Gill Infection in Fish


PetMD Editorial

Published Feb. 29, 2012

Branchiomycosis in Fish


Branchiomycosis is a fungal infection; one of several serious and deadly infections that can affect a fish's gills. This particular infection is most often due to the environmental conditions of the water in which the fish are kept.




Branchiomycosis affects the fish's gills by causing them to become mottled, or blotchy in appearance due to the dying tissue. For this reason it is also known as "gill rot." There may also be traces of gray on the surface of the skin. The infection begins in the gills and, if not interrupted, spreads out to the skin. The infected fish will become lethargic and will eventually suffer severe respiratory problems, including hypoxia, which can lead to death.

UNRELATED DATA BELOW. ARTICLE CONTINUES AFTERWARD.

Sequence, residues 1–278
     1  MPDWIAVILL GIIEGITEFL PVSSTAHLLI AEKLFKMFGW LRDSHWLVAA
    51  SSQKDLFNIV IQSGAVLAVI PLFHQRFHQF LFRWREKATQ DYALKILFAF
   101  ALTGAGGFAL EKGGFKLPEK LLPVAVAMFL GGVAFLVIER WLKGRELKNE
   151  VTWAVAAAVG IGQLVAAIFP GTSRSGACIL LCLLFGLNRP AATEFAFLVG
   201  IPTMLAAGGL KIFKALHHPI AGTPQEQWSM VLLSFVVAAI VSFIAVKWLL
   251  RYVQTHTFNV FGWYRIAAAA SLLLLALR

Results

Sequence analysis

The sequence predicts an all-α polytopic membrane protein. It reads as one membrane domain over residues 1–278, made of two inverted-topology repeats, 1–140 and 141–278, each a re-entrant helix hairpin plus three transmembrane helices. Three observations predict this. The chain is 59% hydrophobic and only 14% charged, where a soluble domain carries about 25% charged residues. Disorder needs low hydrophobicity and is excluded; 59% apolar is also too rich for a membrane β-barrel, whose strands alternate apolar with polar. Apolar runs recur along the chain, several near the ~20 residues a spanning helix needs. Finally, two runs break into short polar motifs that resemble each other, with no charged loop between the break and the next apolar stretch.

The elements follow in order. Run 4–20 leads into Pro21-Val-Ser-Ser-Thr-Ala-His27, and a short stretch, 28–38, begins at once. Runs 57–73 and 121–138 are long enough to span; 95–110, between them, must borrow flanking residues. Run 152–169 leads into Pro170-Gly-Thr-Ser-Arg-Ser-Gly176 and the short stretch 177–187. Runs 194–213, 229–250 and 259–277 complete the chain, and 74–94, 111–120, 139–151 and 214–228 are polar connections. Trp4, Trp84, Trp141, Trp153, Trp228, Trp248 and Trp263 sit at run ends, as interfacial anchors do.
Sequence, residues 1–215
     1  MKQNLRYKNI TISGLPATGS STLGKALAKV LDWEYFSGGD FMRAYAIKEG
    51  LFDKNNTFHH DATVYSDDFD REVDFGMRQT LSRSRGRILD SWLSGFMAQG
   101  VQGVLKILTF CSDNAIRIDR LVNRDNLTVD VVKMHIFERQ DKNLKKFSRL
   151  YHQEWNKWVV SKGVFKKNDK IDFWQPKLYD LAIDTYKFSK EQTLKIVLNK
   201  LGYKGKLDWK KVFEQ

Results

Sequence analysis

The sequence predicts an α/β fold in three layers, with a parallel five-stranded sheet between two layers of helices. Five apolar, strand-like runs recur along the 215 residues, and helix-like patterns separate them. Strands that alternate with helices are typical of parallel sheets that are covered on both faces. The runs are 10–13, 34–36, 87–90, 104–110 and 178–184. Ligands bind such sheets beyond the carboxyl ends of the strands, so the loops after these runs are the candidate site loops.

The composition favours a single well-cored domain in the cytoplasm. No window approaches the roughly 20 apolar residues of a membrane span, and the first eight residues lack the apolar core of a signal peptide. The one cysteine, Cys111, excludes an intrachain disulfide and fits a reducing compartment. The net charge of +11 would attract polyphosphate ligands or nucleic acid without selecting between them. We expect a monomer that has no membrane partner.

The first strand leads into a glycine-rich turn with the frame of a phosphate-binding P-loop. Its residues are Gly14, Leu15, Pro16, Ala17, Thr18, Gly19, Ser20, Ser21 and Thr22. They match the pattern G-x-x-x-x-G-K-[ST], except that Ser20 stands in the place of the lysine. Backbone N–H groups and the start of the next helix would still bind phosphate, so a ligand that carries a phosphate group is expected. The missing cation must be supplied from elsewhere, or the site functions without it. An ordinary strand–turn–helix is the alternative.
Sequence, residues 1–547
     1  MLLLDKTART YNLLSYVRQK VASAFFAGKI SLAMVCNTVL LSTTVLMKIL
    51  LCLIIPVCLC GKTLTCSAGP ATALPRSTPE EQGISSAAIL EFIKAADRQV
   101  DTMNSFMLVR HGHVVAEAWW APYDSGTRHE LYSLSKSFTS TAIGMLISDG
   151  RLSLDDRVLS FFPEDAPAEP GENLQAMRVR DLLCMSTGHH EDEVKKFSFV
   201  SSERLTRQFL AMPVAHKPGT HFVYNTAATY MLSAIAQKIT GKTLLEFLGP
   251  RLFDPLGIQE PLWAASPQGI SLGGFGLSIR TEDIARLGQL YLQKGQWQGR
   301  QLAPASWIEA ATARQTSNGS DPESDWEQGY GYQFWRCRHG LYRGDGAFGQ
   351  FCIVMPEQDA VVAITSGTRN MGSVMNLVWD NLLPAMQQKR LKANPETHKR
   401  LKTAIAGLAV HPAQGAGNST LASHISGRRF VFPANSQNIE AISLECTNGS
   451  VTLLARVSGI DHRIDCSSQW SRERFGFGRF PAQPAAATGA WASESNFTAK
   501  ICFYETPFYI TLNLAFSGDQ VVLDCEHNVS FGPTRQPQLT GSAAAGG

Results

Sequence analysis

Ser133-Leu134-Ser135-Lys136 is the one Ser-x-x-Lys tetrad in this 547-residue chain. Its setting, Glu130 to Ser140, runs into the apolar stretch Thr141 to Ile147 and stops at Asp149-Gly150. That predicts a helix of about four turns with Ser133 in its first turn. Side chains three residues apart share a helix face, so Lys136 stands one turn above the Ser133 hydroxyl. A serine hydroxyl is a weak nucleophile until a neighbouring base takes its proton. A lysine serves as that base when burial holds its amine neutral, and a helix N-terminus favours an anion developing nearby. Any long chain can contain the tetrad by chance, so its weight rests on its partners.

Branchiomycosis is caused by the fungi Branchiomyces sanguins and Branchiomyces demigrans, which are found in decaying organic debris in ponds or aquariums that have a temperature above 68 degrees Fahrenheit (20°C). The disease is commonly found in fishes in Eastern Europe, though it has been reported in the U.S. as well.




Unfortunately, recognition of the branchiomycosis often comes too late, as fish are discovered to have branchiomycosis only after they have died due to hypoxia. If the infection is discovered in time, there are treatments that may help stop the spread of the infection as well as to help your fish’s skin to heal.




Ultimately, preventing the Branchiomyces sanguins and Branchiomyces demigrans fungi from growing in your fish habitat will prevent it from acquiring  branchiomycosis. To do this, keep your fish habitat clean and at a constant and cool temperature. If your fish live in a warm pond, take special care to keeping the water clean and free of organic debris. 

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